Not all lenders do this, by the way, some will only charge you the fee when you have received funds, which may seem to you to be a much fairer way to work.
If the application falls down, you may or may not receive all or part of the fee back. If you are going with one that does need a commitment fee, it is worth asking the question.
Taking the figures you are given at face value could leave a number of costs and potential issues you aren’t aware of.
Non Utilisation Fee:
Everyone is used to being quoted an interest rate, for many it’s the first question they ask (rightly or wrongly).
Most lenders will charge you interest based on the amount you have drawn down but there are some development lenders that will charge you a rate for the money that you don’t use.
Most development lenders will charge an exit fee of some description. It could be an additional months interest, it could be much more. The main ways of charging are either on the loan balance or Gross Development Value (GDV).
This is pretty straightforward – Your exit fee is calculated based on the amount you owe at the time you pay it back. The good thing here is that if you end up using less than you expected to carry out the project, you will be charged less, so your development will make a larger profit.
This one is much more expensive and can potentially skew the overall cost of a loan significantly.
In this situation, you pay a fee based on the end value of your development project, determined by the valuer at the start. This is one of the main reasons that you should not focus solely on rate and should always ask what the exit fee is based on.
The cost is felt most by those projects that only need a small loan amount compared to a high end value – imagine you wanted £200,000 with a GDV of £1m, that could be a massive fee relative to the amount you need.
Sometimes the exit fee (and arrangement fee for that matter) can be on a per annum basis, making it more expensive than you might think. Most though, charge it as a set percentage.
Other options for the exit fee can be based on the total amount borrowed or the amount you actually get for the project when you sell it.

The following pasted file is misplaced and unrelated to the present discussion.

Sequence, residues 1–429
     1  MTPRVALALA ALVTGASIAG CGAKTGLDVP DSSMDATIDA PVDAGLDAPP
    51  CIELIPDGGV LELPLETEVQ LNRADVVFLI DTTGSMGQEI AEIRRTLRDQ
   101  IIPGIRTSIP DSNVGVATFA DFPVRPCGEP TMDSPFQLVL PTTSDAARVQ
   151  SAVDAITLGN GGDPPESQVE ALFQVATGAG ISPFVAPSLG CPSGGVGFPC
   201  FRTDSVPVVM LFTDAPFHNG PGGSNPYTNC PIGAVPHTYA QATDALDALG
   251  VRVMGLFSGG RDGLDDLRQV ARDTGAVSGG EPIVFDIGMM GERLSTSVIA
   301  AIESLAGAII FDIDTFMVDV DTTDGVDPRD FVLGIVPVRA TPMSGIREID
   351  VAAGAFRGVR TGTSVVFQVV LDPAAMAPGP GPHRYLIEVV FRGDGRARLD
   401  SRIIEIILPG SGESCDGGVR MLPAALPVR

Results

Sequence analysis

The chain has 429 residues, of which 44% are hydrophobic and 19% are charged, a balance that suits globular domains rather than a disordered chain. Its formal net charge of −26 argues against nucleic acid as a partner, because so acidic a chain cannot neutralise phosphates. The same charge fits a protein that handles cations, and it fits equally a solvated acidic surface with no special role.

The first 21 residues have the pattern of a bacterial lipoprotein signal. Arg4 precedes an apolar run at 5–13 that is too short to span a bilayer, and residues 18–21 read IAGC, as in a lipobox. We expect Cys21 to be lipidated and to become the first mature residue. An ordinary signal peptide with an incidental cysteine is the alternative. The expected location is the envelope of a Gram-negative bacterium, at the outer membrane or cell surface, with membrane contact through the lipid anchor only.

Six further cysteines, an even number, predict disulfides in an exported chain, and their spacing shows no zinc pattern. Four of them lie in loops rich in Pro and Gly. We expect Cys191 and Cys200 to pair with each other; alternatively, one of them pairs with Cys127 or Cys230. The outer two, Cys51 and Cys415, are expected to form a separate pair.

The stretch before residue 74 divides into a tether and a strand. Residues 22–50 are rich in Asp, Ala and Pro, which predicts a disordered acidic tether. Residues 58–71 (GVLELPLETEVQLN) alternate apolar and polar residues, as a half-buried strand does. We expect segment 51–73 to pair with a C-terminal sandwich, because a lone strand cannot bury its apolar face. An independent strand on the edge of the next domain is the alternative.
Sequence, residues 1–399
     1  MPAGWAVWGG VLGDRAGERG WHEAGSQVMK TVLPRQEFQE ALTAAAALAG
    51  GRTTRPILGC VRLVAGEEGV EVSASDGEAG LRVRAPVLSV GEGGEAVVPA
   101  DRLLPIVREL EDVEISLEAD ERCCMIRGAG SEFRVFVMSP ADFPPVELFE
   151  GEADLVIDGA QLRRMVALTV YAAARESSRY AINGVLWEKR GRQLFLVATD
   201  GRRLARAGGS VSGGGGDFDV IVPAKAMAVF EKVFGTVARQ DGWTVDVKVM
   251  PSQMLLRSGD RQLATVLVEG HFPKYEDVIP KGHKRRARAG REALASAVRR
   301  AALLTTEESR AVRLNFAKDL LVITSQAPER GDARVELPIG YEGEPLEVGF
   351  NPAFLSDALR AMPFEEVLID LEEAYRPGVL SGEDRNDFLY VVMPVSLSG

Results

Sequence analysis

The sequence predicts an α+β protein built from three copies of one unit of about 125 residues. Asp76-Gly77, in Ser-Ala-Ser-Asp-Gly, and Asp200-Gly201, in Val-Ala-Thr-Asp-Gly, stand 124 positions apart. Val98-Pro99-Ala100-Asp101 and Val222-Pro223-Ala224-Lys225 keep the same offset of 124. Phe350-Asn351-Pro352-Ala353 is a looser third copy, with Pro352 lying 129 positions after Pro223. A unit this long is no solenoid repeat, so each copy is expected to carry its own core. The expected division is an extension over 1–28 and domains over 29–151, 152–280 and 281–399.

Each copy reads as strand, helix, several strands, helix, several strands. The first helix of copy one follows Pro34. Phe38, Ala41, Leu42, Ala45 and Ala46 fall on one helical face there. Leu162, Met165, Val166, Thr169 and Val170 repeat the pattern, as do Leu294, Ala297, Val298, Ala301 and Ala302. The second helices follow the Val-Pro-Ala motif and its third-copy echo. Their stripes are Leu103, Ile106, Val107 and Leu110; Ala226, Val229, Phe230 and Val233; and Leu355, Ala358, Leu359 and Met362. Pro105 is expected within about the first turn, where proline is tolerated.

You probably already know that development loans are broken down in to tranches of money that you take as the build progresses. Different lenders will have different ideas of when that should be, which will impact on the running of the project.
There is generally a professional inspection at each draw downs stage, which, of course costs money. It may not make much difference to the cost of the loan overall but it can add a couple of thousand, so it’s definitely worth knowing about.
It’s not just the cost though. Depending how long it takes the lender to arrange the draw down of funds to reach your bank, can impact how long the project takes overall. This in turn may mean you need to keep the money for longer than expected, so incurring more interest charges and possibly running up against the term agreed with the lender.
With a development loan, it’s not always just about the cost – service really does matter!
A starting point is to ask how often you will have to take draw downs. You don’t want too many as this will cost valuable time and money for inspections, which can be disruptive to the smooth flow of the project.
The amount you can take per draw down is another important consideration. Too small an amount will stretch out the time a project takes as you wait for inspections, and then for the lender to agree to carry on the funding.
Ask if the lender charges a fee for work required when organising draw downs. Some do, some don’t. Again, the cost won’t necessarily make or break the deal but it is worth knowing how much you are likely to be paying.
All developments will be monitored by the development finance lender. To do that most will want a QS, Engineer or Valuer to visit the site before releasing further monies.
They have to be sure that you are doing all the work correctly and in-line with planning and building regs, they also have to be sure that you are actually spending the money on the site they are funding.